Sunday, July 19, 2009

Finding my way back..

My grandmother always used to say, "It is the fool who fails to return to the place of his last happiness."
October Road

People ask me all the time if I’m really a therapist. They knew me as a comedian or a bartender, or a beer-guzzling maniac, and at various times (like yesterday) I’ve been all of those things. One goal in psychology is called integration, which describes what happens when you kind of merge all of the different parts of yourself into a unified whole. I’m not sure I’m totally there yet, but a couple of years ago while working in a hospital I figured something out about all of this.

At the time I was an Activity director at an Alzheimer's unit. My job in a nutshell, was to entertain people who were suffering from Alzheimer’s disease. My mission was to keep them occupied as they were slowly dying of a disease that was ravaging their brains. It sounds like a morbid and awful job. It wasn’t.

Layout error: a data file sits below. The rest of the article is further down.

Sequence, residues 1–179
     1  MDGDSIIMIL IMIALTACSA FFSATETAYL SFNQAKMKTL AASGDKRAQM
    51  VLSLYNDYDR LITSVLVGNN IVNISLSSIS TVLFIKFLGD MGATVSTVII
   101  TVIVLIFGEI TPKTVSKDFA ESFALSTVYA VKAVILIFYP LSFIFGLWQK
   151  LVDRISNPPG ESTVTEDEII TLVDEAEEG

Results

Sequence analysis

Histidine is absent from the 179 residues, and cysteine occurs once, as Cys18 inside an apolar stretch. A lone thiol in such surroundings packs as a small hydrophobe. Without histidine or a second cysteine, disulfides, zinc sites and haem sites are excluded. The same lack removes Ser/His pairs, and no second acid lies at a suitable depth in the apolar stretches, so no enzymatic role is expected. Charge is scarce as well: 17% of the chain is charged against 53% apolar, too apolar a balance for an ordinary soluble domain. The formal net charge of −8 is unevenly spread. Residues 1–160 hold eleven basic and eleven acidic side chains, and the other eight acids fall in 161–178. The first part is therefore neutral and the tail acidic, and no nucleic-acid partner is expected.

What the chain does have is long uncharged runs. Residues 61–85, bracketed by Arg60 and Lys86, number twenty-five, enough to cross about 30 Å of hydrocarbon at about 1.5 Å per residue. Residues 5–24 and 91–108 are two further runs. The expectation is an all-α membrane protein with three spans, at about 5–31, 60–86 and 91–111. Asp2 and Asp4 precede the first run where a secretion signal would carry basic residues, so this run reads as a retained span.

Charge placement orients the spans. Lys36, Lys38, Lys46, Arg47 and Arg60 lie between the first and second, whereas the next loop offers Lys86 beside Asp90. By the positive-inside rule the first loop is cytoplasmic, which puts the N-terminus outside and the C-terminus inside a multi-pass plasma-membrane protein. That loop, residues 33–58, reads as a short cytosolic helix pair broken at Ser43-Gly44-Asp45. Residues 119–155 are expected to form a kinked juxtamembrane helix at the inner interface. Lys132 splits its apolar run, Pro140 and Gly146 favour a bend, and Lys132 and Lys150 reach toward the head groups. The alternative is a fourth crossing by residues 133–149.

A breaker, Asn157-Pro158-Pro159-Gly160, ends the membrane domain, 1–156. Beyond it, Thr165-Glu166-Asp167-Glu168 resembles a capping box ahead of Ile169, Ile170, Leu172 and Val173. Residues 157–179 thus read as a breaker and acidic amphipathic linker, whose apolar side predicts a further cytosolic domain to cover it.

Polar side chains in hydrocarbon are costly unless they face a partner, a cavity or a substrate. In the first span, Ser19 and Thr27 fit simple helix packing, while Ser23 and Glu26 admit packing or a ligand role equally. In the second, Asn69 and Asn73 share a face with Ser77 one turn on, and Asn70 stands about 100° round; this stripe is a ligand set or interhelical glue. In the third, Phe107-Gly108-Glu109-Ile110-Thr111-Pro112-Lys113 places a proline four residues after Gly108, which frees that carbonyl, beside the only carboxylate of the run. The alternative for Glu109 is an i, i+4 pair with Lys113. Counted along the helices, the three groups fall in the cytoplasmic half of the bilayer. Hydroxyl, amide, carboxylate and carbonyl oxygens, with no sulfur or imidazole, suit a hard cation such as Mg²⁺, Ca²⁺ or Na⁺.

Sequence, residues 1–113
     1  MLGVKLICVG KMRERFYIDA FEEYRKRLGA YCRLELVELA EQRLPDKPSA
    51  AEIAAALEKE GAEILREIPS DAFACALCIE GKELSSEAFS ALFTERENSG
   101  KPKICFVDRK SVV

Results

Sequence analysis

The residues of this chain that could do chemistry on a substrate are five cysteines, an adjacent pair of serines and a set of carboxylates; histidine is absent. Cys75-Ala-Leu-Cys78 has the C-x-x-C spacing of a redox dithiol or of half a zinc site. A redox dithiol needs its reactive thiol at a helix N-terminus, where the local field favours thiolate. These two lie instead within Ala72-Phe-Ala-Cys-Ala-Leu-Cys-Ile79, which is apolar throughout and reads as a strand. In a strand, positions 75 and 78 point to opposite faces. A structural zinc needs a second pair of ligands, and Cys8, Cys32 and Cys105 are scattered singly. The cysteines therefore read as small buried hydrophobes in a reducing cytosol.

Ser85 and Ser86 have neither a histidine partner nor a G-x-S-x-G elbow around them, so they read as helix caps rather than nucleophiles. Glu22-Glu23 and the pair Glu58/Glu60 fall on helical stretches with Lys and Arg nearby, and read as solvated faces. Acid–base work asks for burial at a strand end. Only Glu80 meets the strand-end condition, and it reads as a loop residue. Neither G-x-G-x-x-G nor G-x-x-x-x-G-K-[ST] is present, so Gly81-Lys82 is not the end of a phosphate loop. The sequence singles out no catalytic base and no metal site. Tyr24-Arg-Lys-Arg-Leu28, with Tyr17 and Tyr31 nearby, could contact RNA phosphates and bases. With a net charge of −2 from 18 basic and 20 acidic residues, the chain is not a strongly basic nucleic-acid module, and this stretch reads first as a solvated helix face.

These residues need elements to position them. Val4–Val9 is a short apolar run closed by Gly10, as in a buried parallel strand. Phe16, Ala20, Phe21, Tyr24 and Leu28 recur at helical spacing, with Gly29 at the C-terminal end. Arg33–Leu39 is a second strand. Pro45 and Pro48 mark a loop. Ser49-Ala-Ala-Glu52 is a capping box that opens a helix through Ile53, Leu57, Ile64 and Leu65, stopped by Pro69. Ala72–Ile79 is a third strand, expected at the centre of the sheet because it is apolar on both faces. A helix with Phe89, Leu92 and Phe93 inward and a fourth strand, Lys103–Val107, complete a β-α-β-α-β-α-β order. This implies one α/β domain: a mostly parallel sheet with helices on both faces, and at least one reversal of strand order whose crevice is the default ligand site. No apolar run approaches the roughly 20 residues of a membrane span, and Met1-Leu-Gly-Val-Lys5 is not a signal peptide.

People say the sex drive is the last thing to go. They are close, it’s the second to last. It was my experience that silliness was the very last thing to go. Although an awful degeneration occurs in Alzheimer’s disease, one of the oddly positive things that can happen is that people suffering from this disease begin to act like children again. I saw people who laughed until the day they died. I saw people who were nearly catatonic giggle hysterically when someone tickled their hand. I saw women laugh hysterically when they couldn’t even remember where they were at, over some simple knock-knock joke or slightly off-color comment about kissing one of the “boys’ (who were 90 year-old men in wheelchairs). In any case this taught me a lot about how deadly serious humor can really be. Kind of a paradox to be sure, but I have seen first hand how powerful it can be in helping cope with even the most tragic of situations.